The foreign investment review landscape in the United States has, over the course of the past year, grown more complicated as new regulations under the Foreign Investment Risk Review Modernization Act (FIRRMA) have been implemented and new enforcement tools and resources have been allocated.
Major Developments in 2020
New regulations under FIRRMA were implemented in February 2020 that
- expanded the jurisdiction of the Committee on Foreign Investment in the United States (CFIUS) to include certain non-controlling investments in US businesses that have activities involving critical technologies, critical infrastructure, or maintain sensitive personal data of US persons;
- created new mandatory filing requirements for certain investments involving critical technologies or where a foreign government has a substantial interest in the foreign investor; and
- provided CFIUS jurisdiction over pure real-estate transactions where the target real-estate is located in proximity to sensitive U.S. government or military facilities.
The new regulations coincided with the creation of a new enforcement bureau within CFIUS and the provision of significant additional staff and other resources for CFIUS to utilize in investigating transactions that are not notified to it.
In May 2020, CFIUS imposed, for the first time, filing fees for full notifications to the Committee. The fees are tied to a graduated schedule with potential fees ranging from $0 to $300,000, depending on the overall valuation of the transaction.
Finally, in October 2020, CFIUS’ mandatory filing requirements that were established in February 2020 were modified such that CFIUS abandoned the requirement that the U.S.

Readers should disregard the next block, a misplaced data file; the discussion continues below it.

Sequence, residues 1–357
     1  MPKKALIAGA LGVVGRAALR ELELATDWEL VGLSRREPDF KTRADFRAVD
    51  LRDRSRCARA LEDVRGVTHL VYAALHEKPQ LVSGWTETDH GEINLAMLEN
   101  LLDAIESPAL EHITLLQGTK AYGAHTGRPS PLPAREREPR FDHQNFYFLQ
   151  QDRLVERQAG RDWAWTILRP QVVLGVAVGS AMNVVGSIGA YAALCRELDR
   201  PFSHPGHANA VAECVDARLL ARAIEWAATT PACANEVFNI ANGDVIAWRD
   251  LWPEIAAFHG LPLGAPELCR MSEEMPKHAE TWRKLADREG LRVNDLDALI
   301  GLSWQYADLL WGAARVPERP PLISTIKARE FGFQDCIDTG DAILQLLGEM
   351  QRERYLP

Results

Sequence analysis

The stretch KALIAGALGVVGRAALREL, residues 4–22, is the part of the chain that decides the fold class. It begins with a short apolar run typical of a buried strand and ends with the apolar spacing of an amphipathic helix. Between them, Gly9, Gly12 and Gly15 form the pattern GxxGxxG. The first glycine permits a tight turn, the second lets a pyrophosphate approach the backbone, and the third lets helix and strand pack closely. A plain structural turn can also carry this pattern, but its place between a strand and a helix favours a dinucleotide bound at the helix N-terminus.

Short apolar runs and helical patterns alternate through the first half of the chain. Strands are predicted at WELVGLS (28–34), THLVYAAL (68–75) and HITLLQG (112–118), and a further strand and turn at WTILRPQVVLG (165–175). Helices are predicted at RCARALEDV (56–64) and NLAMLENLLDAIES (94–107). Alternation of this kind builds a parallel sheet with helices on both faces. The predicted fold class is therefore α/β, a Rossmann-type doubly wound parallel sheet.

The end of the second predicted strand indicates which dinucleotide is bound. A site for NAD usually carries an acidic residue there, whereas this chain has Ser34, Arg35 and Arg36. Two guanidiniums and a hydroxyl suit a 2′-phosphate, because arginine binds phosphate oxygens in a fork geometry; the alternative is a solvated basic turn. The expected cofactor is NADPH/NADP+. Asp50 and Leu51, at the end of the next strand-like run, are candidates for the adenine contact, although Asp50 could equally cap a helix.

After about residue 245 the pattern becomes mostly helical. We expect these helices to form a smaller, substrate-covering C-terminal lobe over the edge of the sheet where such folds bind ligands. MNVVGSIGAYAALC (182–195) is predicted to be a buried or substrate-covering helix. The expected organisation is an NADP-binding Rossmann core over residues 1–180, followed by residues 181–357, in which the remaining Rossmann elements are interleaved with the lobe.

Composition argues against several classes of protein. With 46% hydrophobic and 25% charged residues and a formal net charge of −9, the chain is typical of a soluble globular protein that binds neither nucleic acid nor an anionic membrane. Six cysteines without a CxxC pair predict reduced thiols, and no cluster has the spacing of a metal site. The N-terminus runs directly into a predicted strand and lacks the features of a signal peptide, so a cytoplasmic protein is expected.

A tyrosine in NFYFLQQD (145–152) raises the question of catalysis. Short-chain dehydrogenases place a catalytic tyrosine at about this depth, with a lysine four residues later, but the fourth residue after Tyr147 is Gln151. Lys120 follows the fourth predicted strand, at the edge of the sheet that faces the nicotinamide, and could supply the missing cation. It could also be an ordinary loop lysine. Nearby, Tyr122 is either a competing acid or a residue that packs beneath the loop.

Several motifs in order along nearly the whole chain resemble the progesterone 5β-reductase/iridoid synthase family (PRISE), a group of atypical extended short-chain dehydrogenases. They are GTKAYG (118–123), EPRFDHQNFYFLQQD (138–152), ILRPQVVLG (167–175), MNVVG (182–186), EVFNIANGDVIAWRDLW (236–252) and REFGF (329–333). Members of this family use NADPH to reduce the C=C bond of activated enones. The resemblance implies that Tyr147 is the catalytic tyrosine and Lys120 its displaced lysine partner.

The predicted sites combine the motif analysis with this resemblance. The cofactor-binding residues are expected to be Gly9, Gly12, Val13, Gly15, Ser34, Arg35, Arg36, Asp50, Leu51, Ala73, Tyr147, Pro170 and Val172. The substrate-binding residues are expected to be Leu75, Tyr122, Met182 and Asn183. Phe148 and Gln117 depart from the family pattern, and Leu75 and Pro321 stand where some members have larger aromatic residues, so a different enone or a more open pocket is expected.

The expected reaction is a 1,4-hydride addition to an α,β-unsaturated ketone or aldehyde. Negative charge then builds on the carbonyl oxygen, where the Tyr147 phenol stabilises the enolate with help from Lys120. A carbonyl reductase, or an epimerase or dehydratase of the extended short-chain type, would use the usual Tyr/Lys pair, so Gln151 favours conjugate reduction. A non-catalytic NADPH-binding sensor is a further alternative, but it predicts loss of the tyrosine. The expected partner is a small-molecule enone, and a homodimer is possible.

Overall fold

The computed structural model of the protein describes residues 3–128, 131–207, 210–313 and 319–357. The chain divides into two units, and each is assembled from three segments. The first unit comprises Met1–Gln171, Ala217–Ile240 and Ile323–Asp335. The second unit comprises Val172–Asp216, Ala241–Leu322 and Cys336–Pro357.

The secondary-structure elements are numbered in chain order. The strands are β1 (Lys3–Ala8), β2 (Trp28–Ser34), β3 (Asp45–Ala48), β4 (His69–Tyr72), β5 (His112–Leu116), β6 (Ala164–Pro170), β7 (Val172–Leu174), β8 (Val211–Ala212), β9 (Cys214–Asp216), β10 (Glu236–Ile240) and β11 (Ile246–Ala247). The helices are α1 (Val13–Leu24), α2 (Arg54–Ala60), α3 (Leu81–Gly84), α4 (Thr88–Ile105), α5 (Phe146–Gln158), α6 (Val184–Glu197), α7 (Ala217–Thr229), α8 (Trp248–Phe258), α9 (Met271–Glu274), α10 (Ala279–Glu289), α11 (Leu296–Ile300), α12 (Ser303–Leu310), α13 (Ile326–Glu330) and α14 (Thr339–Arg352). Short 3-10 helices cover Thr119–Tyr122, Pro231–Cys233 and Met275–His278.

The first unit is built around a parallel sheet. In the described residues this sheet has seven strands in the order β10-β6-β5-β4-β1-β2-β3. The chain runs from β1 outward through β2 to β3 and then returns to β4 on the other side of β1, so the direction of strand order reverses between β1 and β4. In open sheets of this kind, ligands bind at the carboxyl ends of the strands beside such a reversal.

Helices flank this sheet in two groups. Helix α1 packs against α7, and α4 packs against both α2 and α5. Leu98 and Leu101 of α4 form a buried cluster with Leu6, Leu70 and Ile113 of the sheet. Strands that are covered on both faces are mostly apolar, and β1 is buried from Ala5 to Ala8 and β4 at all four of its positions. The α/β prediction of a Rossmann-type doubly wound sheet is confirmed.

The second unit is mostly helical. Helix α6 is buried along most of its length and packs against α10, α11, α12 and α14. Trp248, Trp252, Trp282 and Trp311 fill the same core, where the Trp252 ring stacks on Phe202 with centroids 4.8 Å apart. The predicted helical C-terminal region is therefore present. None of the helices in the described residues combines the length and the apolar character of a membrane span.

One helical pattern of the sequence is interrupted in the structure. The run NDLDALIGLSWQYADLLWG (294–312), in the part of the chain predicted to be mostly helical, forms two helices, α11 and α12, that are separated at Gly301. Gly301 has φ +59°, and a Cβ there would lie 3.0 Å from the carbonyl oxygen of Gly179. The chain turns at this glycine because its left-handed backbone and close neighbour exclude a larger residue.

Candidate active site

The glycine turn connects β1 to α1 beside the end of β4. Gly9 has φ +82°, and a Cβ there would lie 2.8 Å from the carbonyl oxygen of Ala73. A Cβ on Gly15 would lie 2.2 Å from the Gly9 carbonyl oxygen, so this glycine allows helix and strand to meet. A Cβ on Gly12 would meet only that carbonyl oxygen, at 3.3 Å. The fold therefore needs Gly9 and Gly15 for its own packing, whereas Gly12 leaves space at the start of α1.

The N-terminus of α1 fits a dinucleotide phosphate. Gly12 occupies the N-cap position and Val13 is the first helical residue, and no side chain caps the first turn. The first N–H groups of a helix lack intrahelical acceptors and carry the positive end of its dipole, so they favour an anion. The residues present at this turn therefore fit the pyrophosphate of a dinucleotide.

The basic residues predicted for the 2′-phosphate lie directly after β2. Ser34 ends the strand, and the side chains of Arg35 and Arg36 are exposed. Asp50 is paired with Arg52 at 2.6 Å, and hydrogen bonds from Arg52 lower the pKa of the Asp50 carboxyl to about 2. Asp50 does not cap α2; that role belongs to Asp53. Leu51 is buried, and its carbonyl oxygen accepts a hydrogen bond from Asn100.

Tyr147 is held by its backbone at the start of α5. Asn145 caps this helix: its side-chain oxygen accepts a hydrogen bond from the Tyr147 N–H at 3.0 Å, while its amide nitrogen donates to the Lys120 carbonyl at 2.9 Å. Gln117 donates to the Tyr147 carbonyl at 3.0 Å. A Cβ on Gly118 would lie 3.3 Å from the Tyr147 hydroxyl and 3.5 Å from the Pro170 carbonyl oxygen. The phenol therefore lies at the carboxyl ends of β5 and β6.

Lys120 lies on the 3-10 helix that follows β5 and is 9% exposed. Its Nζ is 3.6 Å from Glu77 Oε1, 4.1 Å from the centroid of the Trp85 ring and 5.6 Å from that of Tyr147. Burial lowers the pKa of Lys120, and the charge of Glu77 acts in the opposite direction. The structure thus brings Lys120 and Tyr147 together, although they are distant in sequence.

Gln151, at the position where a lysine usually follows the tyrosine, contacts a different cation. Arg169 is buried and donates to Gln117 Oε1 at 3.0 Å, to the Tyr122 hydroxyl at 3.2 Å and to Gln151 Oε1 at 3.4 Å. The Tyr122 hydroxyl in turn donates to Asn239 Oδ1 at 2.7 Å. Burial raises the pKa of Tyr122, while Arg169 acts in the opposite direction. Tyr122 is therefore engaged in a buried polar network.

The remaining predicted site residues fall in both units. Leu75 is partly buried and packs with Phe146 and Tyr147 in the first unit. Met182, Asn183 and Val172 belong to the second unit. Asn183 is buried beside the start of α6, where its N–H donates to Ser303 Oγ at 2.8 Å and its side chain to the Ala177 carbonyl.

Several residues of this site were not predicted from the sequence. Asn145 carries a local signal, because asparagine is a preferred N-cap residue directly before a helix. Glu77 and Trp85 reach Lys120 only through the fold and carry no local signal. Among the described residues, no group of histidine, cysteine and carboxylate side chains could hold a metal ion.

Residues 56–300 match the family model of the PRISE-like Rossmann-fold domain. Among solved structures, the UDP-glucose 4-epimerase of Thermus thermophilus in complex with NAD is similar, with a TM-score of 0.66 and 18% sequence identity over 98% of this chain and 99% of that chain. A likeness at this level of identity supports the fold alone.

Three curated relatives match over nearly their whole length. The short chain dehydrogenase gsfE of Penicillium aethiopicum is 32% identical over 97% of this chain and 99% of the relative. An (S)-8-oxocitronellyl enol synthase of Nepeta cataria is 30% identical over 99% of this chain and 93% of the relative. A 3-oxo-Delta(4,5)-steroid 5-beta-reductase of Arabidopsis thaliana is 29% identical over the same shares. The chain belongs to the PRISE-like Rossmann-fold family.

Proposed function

business operate in specified industries in favor of an analysis of whether the technologies or products developed, manufactured, or tested by the U.S. business would require an export license to the foreign investor or certain entities in its ownership chain.
All of these developments together significantly expanded CFIUS’ jurisdiction and provided it with powerful new enforcement tools. CFIUS has, for example, already begun utilizing its increased enforcement resources to identify, review, and, if necessary, mitigate, non-notified transactions that it believes pose national security concerns.
Outlook under the Biden Administration
While the new Biden Administration is yet to announce formal foreign investment policies, approaches, or initiatives, changes in administration typically do not have a major impact on CFIUS priorities or approaches to foreign investment reviews. The lack of impact is, at least in part, due to the fact that CFIUS is largely governed by career civil servants and not subject to the vagaries of political appointees.
The wide-spread expectation, therefore, is that the impact of the new administration on foreign investment reviews in the United States will be minimal. Thus, CFIUS will, in all likelihood, continue to focus on the technology sector, particularly emerging technologies, as well as critical infrastructure, and personal data. The Department of Commerce is also expected to continue its efforts to implement new rules identifying certain emerging and foundational technologies that will have a direct impact on what transactions are subject to CFIUS’ jurisdiction and will be of interest to it.
CFIUS will also likely maintain its focus on Chinese investments as well as any other attempts by China, Russia, or other non-allied nations to target U.S. businesses involved in critical or emerging technologies or infrastructure, or those that are suffering financial distress as a result of COVID-19. In addition, CFIUS will continue to scrutinize investments related to an effective U.S. response to COVID-19 and any future pandemics, such as personal protective equipment, ventilators, vaccines, treatments or testing products.
Given the increased jurisdiction of CFIUS and resources devoted to enforcement, parties considering foreign investment in the United States are encouraged to evaluate potential CFIUS implications as early as possible and, if necessary, lawful mechanisms to structure the transaction so as to mitigate potential CFIUS risk.